In recognition of her work, she has received awards from a variety of organizations including the Point Foundation, PFLAG, the Equality Forum, GayLaw, the Transgender Law Center and the American Psychological Association. She was selected to take part in the LGBTQ Executive Leadership Program at Stanford Graduate School of Business, and included on Ms. Magazine’s list of “45 feminist women to follow on Twitter” in 2017. Keisling received her bachelor’s degree from Pennsylvania State University and did graduate work in American government at Harvard University.
A distinguished scholar of art history, Daniel Weiss was named the fifth president of the Metropolitan Museum of Art in 2015 and added the CEO title in June of 2017. In addition to receiving an honorary degree, Weiss will deliver the 2018 Ithaca College Commencement address.
Founded in 1870, the Met is one of the largest and most diverse art museums in the world, with a collection of approximately two million objects representing more than 5,000 years of artistic achievement. Weiss previously served as the president of Haverford College and Lafayette College, and as the dean of the Krieger School of Arts & Sciences at Johns Hopkins University, where he was also a professor and chair of the Department of the History of Art.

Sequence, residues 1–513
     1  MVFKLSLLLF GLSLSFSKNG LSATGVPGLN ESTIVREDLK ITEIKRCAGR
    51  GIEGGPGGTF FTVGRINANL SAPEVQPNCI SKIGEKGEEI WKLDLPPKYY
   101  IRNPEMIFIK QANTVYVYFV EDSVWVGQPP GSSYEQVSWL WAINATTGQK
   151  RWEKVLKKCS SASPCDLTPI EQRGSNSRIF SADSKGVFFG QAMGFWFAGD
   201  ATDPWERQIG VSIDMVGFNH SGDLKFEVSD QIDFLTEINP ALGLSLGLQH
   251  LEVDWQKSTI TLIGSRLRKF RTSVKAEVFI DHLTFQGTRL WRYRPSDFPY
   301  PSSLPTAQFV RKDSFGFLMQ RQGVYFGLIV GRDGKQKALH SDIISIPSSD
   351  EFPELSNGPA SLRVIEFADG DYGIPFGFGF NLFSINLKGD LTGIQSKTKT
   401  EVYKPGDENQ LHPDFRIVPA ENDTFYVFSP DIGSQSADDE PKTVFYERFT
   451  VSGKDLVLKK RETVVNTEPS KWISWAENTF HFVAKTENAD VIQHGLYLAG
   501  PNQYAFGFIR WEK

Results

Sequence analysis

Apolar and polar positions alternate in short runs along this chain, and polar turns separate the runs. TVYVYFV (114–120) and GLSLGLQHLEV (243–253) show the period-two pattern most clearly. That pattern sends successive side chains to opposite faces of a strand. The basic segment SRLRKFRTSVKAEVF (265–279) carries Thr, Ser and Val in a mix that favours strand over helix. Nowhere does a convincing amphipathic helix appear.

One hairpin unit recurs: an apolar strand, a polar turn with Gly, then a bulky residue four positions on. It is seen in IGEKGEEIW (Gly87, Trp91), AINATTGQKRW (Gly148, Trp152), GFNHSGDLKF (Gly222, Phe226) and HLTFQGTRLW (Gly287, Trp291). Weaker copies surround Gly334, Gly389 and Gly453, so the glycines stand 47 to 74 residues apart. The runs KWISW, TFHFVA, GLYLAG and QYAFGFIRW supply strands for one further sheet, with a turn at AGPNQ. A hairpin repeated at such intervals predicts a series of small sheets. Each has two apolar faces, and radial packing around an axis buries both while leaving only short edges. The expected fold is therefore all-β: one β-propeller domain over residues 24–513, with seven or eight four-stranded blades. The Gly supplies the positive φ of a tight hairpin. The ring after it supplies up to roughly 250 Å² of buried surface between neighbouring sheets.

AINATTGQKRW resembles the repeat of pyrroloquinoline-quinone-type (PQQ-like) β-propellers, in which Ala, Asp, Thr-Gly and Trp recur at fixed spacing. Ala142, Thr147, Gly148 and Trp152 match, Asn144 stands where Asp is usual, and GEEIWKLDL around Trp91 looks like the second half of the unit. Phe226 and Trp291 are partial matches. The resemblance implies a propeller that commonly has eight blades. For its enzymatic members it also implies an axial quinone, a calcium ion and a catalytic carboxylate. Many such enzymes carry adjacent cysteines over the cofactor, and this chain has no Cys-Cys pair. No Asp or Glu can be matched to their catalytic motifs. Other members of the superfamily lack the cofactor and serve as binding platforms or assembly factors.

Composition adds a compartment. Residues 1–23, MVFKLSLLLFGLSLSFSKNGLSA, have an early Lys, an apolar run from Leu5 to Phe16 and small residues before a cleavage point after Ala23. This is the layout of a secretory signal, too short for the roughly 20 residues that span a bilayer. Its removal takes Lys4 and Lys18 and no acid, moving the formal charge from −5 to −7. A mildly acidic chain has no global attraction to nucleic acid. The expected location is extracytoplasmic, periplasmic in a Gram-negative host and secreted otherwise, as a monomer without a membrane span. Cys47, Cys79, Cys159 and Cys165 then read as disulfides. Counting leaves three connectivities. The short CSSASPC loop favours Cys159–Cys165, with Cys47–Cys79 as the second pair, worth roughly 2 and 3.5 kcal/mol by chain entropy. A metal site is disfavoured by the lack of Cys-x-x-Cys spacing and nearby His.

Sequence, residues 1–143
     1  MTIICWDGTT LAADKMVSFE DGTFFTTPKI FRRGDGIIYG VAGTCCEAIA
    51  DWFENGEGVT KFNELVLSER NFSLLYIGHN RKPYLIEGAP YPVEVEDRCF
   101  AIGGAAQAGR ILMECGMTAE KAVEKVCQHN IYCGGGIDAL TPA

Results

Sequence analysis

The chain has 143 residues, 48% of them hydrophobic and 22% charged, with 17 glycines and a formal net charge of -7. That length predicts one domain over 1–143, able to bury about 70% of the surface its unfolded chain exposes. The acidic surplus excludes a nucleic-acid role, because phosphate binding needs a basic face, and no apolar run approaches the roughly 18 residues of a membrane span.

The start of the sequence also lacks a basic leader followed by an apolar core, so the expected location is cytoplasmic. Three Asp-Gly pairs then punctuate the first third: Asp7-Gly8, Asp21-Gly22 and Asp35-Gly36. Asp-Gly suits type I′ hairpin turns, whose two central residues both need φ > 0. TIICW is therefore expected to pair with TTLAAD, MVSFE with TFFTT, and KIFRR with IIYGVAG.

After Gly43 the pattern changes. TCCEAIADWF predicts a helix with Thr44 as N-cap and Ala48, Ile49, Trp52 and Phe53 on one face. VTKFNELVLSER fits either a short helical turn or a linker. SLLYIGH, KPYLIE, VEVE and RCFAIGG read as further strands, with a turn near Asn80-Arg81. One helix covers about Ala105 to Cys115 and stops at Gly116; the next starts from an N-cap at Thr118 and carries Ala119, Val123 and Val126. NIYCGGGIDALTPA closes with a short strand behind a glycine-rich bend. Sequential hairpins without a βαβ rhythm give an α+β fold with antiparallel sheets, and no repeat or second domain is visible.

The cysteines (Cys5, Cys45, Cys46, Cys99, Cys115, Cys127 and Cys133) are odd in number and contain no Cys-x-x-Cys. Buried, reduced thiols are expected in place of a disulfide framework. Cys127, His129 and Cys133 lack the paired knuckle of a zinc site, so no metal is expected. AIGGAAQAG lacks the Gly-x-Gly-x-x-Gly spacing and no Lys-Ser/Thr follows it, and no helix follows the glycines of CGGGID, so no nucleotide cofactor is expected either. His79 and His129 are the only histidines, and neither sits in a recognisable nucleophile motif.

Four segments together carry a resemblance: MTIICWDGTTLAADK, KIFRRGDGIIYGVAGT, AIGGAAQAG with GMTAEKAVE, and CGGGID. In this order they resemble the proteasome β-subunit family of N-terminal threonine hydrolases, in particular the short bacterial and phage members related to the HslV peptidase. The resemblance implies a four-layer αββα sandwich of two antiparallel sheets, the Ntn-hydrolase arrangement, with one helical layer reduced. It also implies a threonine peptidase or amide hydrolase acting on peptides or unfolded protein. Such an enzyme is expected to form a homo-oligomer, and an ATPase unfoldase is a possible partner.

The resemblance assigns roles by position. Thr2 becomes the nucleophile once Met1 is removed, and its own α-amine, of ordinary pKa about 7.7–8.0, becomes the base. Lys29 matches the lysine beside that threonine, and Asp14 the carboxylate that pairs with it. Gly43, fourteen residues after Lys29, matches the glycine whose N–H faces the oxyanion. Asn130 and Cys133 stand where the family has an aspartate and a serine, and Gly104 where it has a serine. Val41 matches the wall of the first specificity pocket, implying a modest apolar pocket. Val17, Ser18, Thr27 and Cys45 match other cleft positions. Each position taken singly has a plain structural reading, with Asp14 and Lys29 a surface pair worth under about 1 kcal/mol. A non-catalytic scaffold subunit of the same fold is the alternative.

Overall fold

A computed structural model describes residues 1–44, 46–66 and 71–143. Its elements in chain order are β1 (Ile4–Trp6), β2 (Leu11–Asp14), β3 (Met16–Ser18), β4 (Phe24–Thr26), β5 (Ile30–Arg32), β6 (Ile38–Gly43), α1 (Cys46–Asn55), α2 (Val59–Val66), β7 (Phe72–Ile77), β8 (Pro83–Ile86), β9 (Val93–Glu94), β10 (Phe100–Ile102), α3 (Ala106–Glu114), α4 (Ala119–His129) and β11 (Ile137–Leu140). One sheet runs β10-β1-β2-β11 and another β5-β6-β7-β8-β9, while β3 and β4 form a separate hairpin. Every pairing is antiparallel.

Ithaca College President Shirley M. Collado served under Weiss as vice president for institutional planning and community engagement at Lafayette from 2009 to 2010. He is on the National Board of Directors of The Posse Foundation, a nonprofit organization Collado led from 2001 to 2006.
Weiss has written or edited five books and numerous articles on topics ranging from the art of the Middle Ages to higher education to the Second World War. A member of the Council on Foreign Relations, Weiss serves on the Board of Trustees of the Samuel H. Kress Foundation, Board of Directors of the Library of America and Advisory Board of the Yale School of Management. He holds an M.A. and Ph.D. from Johns Hopkins, an M.B.A. from Yale and a B.A. from The George Washington University.